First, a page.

Ian F wrote: It amuses me that a car that was only made for one year is still fairly common - at least around here. I see them at British car shows in NJ & PA all the time. Usually at least one. Heck... there was one at the little cruise night near work.

I don't know enough about them but how common are fakes? I'd imagine a 4 or 4a can be made into a 250 without too much problem but I'm sure there are details in the 250 that the purists and 'those in the know' know.

Ian F
Ian F MegaDork
11/20/14 7:43 a.m.

In reply to gjz30075:

I don't get the impression the value difference is worth the effort to fake one and a lot of TR people prefer the 4 to the 6 for its lighter weight.

oldeskewltoy SuperDork
11/20/14 12:53 p.m.
Woody wrote: I've always loved TR6s but if I had to choose, I'd take a TR250. I saw this beauty at Lime Rock a couple of years ago.  photo LimeRockMonday09-03-2012306.jpg


bravenrace MegaDork
11/20/14 1:03 p.m.

TR250 has always been my favorite.

stan UltraDork
11/20/14 2:36 p.m.

TR250 for me.

Came this close ->| |<- to buying one for $800 dollars some years back. (So many years back I don't remember why I didn't buy it...)

TR8owner HalfDork
11/20/14 9:03 p.m.

I had a TR4. I liked it but its not a car I've ever desired to purchase again. The TR6 is much better looking than the TR250 IMHO otherwise they are essentially the same car. The only thing the TR250 has going for it over a TR6 is the higher collector value. Did I mention that they're essentially the same car?

Flight Service
Flight Service MegaDork
11/20/14 9:08 p.m.

Very interesting discussion

wspohn HalfDork
11/20/14 10:46 p.m.

The TR250 is a deflated balloon - a wimp compared to the real deal, the TR5.

It was heavier and had very little more power than the TR4 - certainly nowhere near the levels of the TR5. Sorry, couldn't live with owning a wannabe instead of the real thing. If you've ever had a ride in a TR5 or home market TR6 (I have) you'd probably agree.

spitfirebill PowerDork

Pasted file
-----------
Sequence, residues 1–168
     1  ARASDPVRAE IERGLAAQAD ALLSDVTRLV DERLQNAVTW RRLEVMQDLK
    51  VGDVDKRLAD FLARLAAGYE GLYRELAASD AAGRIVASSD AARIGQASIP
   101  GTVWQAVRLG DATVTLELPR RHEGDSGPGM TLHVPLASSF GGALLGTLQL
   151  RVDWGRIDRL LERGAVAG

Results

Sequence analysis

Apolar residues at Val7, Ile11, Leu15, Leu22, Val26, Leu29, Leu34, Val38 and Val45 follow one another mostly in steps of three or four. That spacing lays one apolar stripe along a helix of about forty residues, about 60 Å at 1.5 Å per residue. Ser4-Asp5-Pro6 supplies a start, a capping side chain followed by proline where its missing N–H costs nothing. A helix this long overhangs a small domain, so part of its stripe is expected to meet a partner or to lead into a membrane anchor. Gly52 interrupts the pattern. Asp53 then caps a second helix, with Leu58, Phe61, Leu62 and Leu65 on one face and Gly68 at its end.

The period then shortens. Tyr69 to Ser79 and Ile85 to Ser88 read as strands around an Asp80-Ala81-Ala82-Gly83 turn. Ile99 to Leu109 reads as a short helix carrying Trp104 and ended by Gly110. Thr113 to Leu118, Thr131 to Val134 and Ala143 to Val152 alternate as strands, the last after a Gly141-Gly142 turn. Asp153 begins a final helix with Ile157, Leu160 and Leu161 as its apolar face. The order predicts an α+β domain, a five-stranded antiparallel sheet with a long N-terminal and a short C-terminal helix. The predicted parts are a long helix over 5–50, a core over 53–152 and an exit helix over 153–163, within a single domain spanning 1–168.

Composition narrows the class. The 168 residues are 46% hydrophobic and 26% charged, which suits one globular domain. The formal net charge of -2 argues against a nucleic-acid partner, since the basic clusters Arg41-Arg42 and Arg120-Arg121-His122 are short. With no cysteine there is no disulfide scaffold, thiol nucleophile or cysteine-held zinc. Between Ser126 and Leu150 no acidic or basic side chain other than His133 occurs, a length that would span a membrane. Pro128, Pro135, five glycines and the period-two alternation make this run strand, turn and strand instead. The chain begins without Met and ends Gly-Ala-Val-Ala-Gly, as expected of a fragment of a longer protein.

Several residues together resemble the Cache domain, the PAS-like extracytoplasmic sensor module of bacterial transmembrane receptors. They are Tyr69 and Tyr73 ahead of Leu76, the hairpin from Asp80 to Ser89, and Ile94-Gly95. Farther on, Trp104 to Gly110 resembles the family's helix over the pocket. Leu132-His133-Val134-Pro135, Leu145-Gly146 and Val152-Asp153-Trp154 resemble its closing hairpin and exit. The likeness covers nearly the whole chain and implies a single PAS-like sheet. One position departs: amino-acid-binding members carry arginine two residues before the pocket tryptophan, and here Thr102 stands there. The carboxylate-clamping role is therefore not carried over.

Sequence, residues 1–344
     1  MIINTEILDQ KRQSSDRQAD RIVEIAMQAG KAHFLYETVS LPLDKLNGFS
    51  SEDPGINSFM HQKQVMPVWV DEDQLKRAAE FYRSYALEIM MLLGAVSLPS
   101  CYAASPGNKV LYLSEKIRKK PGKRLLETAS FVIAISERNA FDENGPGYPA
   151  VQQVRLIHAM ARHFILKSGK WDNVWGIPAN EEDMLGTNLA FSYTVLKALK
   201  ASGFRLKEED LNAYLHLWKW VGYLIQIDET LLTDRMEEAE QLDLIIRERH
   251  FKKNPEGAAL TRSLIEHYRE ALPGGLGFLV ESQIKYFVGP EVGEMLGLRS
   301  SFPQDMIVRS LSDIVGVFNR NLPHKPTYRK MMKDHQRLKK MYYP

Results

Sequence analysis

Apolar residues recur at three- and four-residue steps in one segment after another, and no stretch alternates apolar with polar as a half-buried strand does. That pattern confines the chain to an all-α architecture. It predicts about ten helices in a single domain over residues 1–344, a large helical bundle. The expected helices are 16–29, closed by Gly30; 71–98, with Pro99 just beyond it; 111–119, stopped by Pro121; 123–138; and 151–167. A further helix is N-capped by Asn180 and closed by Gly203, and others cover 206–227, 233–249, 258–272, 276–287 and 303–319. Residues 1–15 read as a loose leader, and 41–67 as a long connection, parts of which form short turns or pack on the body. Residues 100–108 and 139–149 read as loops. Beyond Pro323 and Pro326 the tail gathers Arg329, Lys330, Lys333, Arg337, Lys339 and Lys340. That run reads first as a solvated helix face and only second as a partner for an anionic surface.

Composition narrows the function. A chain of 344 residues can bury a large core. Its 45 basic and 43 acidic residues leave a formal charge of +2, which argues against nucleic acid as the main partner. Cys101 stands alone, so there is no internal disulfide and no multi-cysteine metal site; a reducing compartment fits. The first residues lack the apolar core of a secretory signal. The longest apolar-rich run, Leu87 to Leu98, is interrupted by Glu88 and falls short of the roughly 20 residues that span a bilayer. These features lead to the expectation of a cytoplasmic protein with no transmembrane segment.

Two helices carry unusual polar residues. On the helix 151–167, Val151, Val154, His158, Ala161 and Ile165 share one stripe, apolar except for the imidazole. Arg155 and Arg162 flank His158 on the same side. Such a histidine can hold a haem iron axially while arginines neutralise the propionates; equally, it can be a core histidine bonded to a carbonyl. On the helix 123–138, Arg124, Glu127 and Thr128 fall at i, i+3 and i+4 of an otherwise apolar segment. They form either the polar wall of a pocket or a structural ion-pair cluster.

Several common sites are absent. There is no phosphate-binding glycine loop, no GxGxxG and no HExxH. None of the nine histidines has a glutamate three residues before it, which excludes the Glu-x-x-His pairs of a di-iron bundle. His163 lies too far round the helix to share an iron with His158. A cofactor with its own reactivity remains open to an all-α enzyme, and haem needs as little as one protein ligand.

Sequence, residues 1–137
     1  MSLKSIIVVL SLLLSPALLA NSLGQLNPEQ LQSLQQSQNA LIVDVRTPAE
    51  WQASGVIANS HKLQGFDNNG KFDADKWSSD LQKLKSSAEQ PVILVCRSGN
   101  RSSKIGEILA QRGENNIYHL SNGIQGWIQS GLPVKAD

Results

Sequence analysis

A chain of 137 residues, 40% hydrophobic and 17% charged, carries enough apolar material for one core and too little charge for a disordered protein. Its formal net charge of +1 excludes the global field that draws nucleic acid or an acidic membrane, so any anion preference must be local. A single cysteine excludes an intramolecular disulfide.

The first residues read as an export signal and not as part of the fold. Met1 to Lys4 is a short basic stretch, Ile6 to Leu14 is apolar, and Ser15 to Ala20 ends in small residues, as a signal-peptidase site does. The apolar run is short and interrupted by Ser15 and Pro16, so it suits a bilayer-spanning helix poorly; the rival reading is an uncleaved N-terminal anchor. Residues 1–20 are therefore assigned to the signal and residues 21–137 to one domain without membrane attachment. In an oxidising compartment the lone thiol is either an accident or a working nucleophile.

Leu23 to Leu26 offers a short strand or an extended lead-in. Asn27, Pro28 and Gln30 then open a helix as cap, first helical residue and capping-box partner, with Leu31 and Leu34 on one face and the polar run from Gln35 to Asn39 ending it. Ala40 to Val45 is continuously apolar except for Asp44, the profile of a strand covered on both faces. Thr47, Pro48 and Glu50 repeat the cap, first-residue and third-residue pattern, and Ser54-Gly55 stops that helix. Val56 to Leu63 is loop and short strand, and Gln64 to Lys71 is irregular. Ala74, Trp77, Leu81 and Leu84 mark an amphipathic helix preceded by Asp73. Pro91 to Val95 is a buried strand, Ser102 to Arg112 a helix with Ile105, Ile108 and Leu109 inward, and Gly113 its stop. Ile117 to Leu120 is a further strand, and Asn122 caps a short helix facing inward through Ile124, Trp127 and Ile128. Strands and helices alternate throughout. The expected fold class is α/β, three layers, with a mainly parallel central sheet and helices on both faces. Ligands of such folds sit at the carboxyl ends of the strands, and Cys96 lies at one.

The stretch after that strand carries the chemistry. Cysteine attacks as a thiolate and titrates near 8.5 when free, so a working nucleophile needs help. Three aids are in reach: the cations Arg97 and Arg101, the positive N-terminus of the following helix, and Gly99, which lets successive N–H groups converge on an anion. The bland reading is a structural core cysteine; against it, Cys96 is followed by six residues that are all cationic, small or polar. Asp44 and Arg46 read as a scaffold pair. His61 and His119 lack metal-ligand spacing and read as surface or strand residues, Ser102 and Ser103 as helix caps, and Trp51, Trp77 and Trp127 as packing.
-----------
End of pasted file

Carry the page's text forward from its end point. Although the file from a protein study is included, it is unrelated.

11/21/14 10:51 a.m.

I used to own a TR3 and was a fanboi fo the TR6. The Tr4 were OK, but I hated the TR250 with the Rostyle wheels. I softened on the TR4 over time and then saw a gorgeous TR250 at a car show with wire wheels. Those wheels made the car. I would love one now, but the rarity is catching up in the prices.

Rupert HalfDork
11/21/14 12:42 p.m.

I've always felt the TR-3 & the TR-6 had something alike as if they are father and son. I little grit in the belly or maybe a little Bulldog attitude. The TR-4 & the 250 strike me as their daddy lived down the street. Or most likely in France. Nothing against French Styling, well maybe against the Dauphene, but they just don't strike me as British.

But given the choice of the four, I'd buy yet another TR-3, not even a TR-3A. IMO that roadster feel & the cut away doors with no exterior handles just can't be duplicated by any car with roll-up windows. Once you start down that pike, you might as well consider a radio and maybe A/C too!

Rupert HalfDork
11/21/14 1:56 p.m.
Leo Basile wrote: When the dust settles, Id still rather have a TR 4. Why you may ask...The TR 4 was availible with an optional hand crank, thats why! Leo

With TR-2s& early TR-3s the hand crank wasn't optional. It was often required unless you could park on a hill. Those old TR-2 flywheels, which both cars used have been unobtanium for years!

racerdave600 SuperDork
11/21/14 2:55 p.m.

I owned a 4, and to be honest, after driving a 250, I never felt I was missing anything. My warmed over 4 was actually a bit quicker and it felt like it drove better. But with older cars, you never know about the condition underneath if it isn't yours.

That said, I followed a TR6 on the way to work this morning, and it is still a very good looking car. I'd take a 6 in a heartbeat, probably more so than I would a 250.

Leo  Basile
Leo Basile Reader
11/21/14 8:43 p.m.

Like Rupert said...One I drove the Morgan with no windows and what not, I was hooked.

With that said, Id take a TR4 over all the affordable roll up window roadsters of the day.


TR8owner HalfDork
11/22/14 10:46 p.m.